Nationwide Restaurant Hiring Hits a Wall as Stimulus Talks Pick Up Steam

As another wave of COVID-19 infections devastates every aspect of life in the U.S., the country’s economic recovery continues to sputter, according to a new federal report.

Employers are adding fewer jobs, particularly in the devastated bar and restaurant industry. The ranks of those employed for over six months is rising. Joblessness among Black people remains at stratospheric levels. And rising shutdowns throughout the hospitality industry, with an indoor dining ban looming for New York City, suggest that the worst is yet to come, adding pressure on lawmakers to pump money back into the economy via a long-awaited stimulus package.

More specifically, unemployment fell to 6.7 percent last month, according to the U.S. November jobs report, but employers added just 245,000 jobs, well under half of October’s gain. That marks the fifth straight month of decelerating jobs growth.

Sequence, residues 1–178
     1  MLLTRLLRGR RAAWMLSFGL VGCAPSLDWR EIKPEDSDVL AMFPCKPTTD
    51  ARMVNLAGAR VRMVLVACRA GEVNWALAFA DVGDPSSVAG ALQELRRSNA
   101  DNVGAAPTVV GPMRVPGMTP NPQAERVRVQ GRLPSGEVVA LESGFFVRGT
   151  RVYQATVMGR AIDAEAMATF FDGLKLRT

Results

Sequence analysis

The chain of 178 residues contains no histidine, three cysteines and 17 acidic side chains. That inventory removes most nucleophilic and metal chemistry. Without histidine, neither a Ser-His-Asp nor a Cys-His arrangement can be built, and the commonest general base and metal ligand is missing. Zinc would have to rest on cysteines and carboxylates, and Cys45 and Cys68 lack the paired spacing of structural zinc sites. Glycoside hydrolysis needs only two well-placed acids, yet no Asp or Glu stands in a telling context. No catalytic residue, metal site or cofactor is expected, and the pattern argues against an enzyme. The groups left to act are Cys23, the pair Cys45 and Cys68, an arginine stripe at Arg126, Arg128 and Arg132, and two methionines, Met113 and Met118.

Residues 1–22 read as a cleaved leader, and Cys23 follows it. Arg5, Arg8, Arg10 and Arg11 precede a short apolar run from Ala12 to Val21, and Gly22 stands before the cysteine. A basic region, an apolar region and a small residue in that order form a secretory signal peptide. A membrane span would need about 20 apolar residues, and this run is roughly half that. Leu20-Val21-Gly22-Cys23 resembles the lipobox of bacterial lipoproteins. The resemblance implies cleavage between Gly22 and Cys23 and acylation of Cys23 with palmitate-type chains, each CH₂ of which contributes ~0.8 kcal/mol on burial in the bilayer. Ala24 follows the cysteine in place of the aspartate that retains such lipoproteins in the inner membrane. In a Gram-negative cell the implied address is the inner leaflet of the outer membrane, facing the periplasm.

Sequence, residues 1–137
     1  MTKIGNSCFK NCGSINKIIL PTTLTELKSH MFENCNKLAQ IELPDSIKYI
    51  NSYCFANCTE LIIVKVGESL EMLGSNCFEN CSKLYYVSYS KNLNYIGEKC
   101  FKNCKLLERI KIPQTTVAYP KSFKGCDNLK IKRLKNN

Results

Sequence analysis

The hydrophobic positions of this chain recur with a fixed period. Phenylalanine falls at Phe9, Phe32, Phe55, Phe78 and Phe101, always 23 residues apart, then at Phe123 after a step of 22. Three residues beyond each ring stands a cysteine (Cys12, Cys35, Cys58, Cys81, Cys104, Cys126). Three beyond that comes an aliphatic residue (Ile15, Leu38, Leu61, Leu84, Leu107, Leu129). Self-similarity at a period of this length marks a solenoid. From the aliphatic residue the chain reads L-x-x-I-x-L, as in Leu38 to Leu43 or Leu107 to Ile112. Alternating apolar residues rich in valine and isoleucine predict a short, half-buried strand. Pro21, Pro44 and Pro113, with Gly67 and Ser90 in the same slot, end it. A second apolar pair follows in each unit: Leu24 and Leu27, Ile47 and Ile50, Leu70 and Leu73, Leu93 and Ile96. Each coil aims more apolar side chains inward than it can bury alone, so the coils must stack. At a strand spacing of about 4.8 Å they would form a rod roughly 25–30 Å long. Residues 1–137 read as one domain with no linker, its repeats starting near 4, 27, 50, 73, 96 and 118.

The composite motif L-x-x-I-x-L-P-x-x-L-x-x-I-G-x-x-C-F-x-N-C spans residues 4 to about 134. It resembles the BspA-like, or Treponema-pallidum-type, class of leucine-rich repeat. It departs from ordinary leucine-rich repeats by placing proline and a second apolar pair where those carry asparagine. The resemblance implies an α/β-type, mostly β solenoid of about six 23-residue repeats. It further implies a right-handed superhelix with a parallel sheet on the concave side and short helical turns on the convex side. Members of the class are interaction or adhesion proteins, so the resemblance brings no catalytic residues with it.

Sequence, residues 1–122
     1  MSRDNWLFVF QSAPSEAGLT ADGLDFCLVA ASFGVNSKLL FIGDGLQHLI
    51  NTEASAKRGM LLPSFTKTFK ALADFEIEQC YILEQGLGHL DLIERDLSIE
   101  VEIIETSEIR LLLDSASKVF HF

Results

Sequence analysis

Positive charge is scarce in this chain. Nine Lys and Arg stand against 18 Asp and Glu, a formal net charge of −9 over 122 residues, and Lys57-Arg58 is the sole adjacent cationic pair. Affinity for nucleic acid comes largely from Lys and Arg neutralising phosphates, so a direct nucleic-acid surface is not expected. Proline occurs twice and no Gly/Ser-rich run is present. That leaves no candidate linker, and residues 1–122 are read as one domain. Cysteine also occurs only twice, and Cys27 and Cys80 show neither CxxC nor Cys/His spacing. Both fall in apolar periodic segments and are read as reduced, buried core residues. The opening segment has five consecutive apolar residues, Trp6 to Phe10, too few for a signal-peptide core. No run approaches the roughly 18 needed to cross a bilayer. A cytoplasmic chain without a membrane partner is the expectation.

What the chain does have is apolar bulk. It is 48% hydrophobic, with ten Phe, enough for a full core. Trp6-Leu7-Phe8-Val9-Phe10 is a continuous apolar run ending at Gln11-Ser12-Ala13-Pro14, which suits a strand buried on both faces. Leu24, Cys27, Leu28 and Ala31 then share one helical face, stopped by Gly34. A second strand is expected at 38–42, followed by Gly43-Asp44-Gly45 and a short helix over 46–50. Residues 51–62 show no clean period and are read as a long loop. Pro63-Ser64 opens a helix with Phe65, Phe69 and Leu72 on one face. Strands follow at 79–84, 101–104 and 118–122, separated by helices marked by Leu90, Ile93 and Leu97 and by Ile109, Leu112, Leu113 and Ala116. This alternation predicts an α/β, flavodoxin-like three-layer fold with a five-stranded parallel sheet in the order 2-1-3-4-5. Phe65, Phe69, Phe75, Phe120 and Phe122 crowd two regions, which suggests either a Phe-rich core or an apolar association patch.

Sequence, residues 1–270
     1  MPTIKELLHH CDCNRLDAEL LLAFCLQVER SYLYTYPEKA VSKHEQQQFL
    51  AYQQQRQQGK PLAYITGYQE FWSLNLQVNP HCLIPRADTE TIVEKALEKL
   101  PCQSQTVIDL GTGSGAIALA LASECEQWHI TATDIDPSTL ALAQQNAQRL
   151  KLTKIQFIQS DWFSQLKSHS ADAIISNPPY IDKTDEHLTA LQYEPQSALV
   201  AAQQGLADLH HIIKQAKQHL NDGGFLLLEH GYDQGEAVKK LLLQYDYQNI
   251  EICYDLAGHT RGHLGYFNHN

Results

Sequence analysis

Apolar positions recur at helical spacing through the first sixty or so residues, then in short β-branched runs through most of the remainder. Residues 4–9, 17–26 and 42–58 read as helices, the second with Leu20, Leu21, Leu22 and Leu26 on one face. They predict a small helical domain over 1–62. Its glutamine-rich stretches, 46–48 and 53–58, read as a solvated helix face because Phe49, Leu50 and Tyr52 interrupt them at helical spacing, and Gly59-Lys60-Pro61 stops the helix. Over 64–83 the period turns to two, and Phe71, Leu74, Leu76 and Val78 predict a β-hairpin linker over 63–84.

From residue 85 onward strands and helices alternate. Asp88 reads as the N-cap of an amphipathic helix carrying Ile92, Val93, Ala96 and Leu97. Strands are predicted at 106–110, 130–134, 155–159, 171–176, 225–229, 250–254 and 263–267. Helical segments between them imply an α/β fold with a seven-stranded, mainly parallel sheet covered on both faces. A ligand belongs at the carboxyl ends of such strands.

Flattening jobs growth means that those who remain unemployed will face increasing difficulties returning to the workforce. Indeed, the number of people unemployed for over half a year is now nearly 4 million, over triple that same number from a year ago, with unemployment among Black people at a staggering 10.3 percent. The jobless rate among white people is just 5.9 percent.

That same report, by the Bureau of Labor Statistics, showed that employment at bars and restaurants dropped by 17,400 nationwide, a marginal decline albeit the first contraction since the spring. That number is provisional and could be revised over the coming month, but it likely reflects the ongoing shutdowns plaguing the hospitality industry, with a variety of indoor or outdoor dining bans already in place throughout major U.S. cities, including Chicago and Los Angeles.

Hospitality jobs data for New York City, where overall unemployment is nearly twice the national rate, will come out later in December.

The November jobs report is certain to increase pressure on lawmakers to pick up the pace of stimulus talks. A bipartisan Senate proposal appears to be picking up steam, offering another round of Paycheck Protection Program loans for small businesses and $300-per-week unemployment aid for 18 weeks — half of the $600 benefit that lapsed in late July.

President-elect Joe Biden said on Wednesday that the stripped-down stimulus bill was only a “down payment” on a more comprehensive aid package to come. The bill, which leaves out the $120 billion in federal assistance that would have been directed to the hospitality industry under the HEROES Act, “really sucks for restaurants,” Eater’s Amy McCarthy wrote earlier this week.

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